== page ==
Business Week Online tries to take a somewhat balanced look at ethanol here that falls a bit short. The article has a decidedly cynical tone about ethanol but does present some positive information regarding the energy issue, presenting the findings of Michael Wang with the Argonne National Laboratory for Transportation Research – some very good research. Whenever anyone starts talking about how much fossil fuel is used in the production of ethanol, here is the information to use.
According to “The Energy Balance of Corn Ethanol: An Update” –
Corn ethanol is energy efficient, as indicated by an energy ratio of 1.34; that is, for every Btu dedicated to producing ethanol there is a 34-percent energy gain. Furthermore, producing ethanol from domestic corn stocks achieves a net gain in a more desirable form of energy, which helps the United States to reduce its dependence on imported oil. Ethanol production utilizes abundant domestic energy feedstocks, such as coal and natural gas, to convert corn into a premium liquid fuel. Only about 17 percent of the energy used to produce ethanol comes from liquid fuels, such as gasoline and diesel fuel. For every 1 Btu of liquid fuel used to produce ethanol, there is a 6.34 Btu gain.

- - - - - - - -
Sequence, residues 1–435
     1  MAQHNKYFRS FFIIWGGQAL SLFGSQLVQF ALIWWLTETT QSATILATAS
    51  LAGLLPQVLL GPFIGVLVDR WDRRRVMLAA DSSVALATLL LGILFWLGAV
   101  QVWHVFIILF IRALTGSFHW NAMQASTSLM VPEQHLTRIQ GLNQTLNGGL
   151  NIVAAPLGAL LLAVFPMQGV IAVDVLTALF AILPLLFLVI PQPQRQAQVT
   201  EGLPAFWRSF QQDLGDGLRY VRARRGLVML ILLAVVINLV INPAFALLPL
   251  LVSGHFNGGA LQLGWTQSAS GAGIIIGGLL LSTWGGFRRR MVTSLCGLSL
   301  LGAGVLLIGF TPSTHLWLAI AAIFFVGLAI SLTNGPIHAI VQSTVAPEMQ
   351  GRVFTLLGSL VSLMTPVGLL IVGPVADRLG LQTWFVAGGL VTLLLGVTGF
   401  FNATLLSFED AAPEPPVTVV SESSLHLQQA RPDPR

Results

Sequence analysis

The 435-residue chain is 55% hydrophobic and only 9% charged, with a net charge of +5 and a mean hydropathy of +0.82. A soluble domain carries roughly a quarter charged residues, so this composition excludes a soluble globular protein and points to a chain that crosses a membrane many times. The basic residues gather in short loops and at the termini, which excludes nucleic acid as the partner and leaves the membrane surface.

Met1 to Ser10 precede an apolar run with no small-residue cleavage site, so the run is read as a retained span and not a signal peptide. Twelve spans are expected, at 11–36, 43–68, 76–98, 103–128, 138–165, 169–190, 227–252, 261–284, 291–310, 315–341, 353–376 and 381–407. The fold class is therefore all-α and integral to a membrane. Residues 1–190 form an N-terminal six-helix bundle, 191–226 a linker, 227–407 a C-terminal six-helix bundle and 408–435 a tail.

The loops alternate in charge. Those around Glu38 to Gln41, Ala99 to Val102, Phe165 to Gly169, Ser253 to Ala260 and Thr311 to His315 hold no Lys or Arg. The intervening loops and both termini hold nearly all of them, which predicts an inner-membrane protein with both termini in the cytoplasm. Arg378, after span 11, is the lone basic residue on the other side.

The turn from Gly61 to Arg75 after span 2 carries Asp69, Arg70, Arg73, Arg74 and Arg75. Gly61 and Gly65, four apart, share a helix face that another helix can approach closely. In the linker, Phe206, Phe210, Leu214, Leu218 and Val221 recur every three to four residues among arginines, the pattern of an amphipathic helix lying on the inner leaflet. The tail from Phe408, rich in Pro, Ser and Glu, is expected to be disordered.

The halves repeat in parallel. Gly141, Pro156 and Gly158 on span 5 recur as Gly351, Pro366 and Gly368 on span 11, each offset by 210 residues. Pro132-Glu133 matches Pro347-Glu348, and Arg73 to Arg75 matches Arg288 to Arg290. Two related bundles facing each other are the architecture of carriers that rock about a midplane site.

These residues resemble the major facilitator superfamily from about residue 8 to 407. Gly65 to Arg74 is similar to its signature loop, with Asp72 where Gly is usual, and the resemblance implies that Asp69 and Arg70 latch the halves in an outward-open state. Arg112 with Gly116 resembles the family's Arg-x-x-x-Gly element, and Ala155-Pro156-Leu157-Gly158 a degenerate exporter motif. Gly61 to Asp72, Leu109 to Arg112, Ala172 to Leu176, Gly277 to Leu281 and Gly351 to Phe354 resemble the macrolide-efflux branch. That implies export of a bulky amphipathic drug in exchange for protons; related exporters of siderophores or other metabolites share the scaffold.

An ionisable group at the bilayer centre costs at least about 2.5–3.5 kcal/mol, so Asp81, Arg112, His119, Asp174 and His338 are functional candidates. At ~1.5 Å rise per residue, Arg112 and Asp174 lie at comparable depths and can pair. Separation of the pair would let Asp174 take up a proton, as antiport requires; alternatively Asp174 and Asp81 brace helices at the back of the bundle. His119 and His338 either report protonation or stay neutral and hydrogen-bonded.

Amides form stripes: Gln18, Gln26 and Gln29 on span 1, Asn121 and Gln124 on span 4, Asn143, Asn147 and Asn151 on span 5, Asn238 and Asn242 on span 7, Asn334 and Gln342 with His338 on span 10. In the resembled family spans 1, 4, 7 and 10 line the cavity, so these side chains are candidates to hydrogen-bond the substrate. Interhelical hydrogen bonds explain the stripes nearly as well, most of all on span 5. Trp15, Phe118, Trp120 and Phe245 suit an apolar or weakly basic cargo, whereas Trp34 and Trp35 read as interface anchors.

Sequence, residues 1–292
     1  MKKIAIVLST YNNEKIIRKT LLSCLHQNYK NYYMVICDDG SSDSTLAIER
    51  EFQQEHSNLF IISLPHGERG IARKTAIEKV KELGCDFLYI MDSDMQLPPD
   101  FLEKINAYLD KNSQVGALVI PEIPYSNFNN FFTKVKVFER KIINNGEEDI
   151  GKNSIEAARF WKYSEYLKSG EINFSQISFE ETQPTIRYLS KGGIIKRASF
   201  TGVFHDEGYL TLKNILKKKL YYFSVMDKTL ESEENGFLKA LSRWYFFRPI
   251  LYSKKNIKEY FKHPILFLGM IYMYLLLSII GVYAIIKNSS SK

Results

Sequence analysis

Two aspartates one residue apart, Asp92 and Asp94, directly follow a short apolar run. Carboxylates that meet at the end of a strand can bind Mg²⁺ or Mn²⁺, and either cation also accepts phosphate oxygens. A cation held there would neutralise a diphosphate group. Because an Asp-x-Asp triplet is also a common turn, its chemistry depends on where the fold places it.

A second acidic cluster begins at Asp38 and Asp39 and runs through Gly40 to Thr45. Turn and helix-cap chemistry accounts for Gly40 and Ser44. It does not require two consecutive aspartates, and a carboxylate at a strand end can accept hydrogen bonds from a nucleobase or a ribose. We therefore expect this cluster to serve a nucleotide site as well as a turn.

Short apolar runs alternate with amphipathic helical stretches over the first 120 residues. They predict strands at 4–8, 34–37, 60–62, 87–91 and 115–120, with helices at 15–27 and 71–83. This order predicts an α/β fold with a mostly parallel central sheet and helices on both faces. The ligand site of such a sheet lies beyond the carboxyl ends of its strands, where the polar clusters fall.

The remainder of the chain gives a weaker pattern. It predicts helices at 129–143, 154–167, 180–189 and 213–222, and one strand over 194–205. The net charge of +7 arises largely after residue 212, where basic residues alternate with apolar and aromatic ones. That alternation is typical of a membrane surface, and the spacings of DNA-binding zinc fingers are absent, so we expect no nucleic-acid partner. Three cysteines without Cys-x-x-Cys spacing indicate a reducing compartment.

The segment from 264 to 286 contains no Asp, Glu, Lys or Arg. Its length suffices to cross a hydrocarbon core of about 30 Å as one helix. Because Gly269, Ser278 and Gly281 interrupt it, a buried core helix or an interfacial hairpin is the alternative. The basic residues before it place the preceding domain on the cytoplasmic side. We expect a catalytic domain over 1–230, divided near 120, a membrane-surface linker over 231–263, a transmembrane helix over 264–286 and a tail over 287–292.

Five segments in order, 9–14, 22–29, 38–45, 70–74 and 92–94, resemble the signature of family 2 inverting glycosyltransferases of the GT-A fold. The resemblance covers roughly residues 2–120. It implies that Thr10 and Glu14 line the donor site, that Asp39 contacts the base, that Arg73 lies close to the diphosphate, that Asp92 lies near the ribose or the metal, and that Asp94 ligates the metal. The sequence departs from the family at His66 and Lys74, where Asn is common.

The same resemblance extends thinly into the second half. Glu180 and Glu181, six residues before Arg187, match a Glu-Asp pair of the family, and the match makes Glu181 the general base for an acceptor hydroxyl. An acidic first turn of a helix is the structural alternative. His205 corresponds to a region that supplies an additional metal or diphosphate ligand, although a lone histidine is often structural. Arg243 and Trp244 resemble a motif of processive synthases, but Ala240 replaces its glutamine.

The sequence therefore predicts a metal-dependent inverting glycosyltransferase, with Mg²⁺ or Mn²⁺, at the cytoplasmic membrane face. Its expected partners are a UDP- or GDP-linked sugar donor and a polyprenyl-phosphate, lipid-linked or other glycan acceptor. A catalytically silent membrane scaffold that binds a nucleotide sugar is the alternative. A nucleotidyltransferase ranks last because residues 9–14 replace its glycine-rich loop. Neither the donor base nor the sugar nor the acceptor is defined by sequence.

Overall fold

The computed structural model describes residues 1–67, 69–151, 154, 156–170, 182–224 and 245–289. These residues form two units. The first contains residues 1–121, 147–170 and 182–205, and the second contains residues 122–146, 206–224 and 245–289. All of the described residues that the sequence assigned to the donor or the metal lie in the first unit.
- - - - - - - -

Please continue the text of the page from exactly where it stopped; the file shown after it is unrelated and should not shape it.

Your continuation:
Here’s a link to a listing of studies about ethanol on the Argonne website. Most, like the one above, are in pdf format.